Sidney Lumet: The “Rubber-Ducky” School of Drama

Excerpt from Making Movies:

Sidney Lumet:

In the early days of television, when the “kitchen sink” school of realism held sway, we always reached a point where we “explained” the character. Around two-thirds of the way through, someone articulated the psychological truth that made the character the person he was. [Paddy]
Chayefsky and I used to call this the “rubber-ducky” school of drama: “Someone once took his rubber ducky away from him, and that’s why he’s a deranged killer.” That was the fashion then, and with many producers and studios it still is.

I always try to eliminate the rubber-ducky explanations. A character should be clear from his present actions. And his behavior as the picture goes on should reveal the psychological motivations. If the writer has to state the reasons, something’s wrong in the way the character has been written.

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2 Responses to Sidney Lumet: The “Rubber-Ducky” School of Drama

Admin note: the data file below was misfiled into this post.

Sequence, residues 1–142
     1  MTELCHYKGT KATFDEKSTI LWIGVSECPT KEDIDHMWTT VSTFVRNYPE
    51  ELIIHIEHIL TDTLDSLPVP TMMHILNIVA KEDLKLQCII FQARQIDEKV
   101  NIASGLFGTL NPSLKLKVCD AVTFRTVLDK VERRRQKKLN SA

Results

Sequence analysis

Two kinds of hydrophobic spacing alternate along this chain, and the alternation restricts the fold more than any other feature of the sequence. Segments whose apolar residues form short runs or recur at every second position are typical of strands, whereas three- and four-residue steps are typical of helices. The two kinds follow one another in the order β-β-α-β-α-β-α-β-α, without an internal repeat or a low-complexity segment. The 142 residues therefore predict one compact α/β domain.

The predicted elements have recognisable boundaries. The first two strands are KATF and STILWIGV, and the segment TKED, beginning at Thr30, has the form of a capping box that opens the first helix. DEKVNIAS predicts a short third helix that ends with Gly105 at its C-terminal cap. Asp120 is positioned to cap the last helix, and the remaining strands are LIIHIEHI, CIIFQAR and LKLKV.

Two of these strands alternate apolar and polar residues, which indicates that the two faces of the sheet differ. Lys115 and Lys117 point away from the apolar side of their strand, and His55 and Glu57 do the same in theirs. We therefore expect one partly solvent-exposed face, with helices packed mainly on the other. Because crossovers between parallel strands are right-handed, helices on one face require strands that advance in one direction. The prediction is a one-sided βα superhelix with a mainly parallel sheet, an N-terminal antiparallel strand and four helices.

1. Bernard says:

    I agree with that dichotomy between “revealing” and “explaining”. Textbooks should be all about explaining, but storytelling entails a very different mode of discovery.

  2. peteb says:

    There’s also the point to made that the ‘rubber-ducky’ school encourages lazy writing, directing and acting.. if it can all be explained in one scene, what’s the point of the rest of the movie?

    I kinda get where the kitchen-sink school comes in.. a lot of those TV plays started, before a single word was committed to the page, with an agenda or theory to promote.. but it seems a little unfair when the best of the genre, albeit beyond the TV screen – films like Saturday Night and Sunday Morning – are great films.

    I guess what i’m trying to say is.. The writing, the writing, the writing.

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